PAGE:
Ralph Schraivogel is considered one of the best poster-makers in the world today, and he shows why in this ingenious poster for a Paul Newman film festival in Switzerland. The design fits together like a layered visual puzzle, and the viewer is compelled to “read” every part – first, the image of a face, second the word ‘Paul’ in the center, third the word ‘New’ starting at the bottom, and last, ‘Man’ starting at the top.
Schraivogel cleverly gets double duty from the letters ‘N’ and ‘W’ by turning them upside down so that they become an ‘N’ and an ‘M’, thus keeping the design compact and unified. He employs color theory to make sure the viewer reads the ‘N’ before the ‘M’ – the yellow pops while the blue recedes. In a similar fashion, the eye naturally moves to the red ‘E’ before the ‘A’.
The tight interplay between word and image is augmented by the fact that Newman’s eyes are blue – which any fan would know is (very) true. And the location of the event in Filmpodium’s Studio 4 emanates from the cut of the ‘N’, which looks similar to a cartoon caption.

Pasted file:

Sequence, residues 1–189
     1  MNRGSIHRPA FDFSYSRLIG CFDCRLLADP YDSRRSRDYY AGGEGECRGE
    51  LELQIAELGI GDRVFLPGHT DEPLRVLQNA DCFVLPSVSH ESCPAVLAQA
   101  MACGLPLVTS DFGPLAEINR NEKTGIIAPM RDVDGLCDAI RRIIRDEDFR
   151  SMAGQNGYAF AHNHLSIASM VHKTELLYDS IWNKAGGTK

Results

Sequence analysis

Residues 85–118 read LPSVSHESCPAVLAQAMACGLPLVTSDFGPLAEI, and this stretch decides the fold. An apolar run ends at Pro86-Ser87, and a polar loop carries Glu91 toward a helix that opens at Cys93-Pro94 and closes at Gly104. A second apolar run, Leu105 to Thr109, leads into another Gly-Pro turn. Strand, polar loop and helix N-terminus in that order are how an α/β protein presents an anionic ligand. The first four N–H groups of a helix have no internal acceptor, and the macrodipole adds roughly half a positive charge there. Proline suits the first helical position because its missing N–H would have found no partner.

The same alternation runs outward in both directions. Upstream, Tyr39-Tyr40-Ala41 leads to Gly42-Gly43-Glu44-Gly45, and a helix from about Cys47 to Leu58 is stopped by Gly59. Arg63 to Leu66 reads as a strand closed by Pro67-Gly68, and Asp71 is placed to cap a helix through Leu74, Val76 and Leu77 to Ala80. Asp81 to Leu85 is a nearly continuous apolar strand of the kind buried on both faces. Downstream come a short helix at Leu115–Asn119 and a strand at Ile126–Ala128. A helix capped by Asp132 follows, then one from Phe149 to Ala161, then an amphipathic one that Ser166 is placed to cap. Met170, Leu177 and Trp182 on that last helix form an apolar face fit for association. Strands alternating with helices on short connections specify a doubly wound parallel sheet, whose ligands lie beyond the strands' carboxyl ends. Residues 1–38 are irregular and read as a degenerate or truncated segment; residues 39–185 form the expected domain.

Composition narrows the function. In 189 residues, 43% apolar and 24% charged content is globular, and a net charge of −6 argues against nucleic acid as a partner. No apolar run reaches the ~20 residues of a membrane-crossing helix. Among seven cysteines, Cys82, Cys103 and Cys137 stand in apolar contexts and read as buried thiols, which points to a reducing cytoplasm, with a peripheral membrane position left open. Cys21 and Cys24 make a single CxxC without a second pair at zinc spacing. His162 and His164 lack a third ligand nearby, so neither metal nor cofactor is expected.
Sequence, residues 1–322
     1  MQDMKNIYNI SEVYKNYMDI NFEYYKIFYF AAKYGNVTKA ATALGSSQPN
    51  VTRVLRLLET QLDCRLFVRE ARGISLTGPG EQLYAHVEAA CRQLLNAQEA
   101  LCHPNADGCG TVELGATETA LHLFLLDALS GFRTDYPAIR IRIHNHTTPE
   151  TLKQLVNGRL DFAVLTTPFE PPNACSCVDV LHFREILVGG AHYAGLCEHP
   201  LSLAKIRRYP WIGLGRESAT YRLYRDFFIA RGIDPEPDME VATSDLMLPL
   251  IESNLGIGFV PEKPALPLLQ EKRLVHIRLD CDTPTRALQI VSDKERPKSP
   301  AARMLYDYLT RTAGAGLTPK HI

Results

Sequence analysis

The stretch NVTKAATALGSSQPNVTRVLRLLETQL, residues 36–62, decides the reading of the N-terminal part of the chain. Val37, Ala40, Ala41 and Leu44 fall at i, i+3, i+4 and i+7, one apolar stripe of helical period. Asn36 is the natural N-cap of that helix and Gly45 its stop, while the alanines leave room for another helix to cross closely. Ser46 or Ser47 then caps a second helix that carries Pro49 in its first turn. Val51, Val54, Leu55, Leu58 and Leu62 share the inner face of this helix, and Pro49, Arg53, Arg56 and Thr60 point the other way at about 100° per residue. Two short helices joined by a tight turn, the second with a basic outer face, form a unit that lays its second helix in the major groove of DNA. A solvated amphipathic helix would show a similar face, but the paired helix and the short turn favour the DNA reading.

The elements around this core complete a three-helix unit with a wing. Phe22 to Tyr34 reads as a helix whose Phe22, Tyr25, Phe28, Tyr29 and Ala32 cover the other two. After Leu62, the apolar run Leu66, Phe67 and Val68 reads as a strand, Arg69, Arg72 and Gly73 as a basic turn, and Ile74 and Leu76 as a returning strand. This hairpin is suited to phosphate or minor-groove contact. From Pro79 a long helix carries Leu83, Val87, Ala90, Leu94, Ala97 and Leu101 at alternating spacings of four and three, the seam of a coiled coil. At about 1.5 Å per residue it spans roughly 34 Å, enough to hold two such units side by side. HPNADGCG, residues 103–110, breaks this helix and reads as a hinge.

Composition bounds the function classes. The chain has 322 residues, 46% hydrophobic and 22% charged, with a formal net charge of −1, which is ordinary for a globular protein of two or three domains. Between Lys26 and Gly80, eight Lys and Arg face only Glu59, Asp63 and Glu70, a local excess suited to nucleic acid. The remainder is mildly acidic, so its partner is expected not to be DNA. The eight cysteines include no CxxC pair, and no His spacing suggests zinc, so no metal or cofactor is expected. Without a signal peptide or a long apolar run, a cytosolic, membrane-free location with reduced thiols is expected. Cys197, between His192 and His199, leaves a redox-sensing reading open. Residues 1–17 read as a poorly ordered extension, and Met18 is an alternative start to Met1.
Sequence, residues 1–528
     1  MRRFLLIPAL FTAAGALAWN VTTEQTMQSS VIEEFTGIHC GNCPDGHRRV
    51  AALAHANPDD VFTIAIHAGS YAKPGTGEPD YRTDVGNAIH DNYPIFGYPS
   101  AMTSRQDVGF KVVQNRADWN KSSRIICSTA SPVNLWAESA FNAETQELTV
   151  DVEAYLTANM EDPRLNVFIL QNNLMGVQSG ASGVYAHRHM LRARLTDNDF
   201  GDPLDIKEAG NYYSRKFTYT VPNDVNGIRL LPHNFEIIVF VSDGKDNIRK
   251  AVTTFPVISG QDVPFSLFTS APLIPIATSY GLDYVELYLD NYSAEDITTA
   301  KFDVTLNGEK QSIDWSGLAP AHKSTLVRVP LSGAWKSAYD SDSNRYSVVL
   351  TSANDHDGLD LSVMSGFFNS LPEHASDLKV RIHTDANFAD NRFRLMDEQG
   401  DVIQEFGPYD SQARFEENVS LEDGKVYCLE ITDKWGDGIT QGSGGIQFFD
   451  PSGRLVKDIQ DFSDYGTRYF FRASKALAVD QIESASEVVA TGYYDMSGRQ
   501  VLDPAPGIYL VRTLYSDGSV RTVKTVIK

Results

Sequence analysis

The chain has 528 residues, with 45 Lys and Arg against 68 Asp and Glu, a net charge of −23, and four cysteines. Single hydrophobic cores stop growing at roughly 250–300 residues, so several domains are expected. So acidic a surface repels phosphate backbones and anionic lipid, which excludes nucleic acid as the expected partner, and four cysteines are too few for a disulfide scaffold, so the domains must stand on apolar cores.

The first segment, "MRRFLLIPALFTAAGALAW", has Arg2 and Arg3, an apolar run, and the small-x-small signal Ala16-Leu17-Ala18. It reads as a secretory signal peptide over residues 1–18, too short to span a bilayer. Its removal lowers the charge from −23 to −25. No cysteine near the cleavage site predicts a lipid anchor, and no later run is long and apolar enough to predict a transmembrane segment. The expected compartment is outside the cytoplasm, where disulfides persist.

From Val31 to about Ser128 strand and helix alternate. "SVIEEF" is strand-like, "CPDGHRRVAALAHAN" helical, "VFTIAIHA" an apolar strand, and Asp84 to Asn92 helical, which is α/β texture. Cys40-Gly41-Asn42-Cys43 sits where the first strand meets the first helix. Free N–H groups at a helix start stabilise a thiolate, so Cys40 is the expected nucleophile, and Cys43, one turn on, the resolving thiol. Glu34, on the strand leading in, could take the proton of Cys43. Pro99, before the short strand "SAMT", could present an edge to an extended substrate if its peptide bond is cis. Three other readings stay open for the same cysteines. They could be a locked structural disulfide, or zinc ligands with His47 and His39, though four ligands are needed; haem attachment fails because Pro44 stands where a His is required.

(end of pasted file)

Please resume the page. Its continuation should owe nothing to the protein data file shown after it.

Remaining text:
In the end, the poster is enigmatic and yet perfectly readable, playful yet cerebral, and as memorable as it is unique, molding the abstract language of graphic design to its purpose. In its multi-layered patterning and playfulness, Schraivogel’s work is reminiscent of Herbert Matter and Wolfgang Weingart, both titans of 20th Century graphic design. This silkcreened poster garnered the Gold Medal at the Ningbo International Poster Exhibition in China for Schraivogel, who is represented in the Museum of Modern Art and other important design collections. The artist is a former professor at the Zurich Design School and now designs full-time.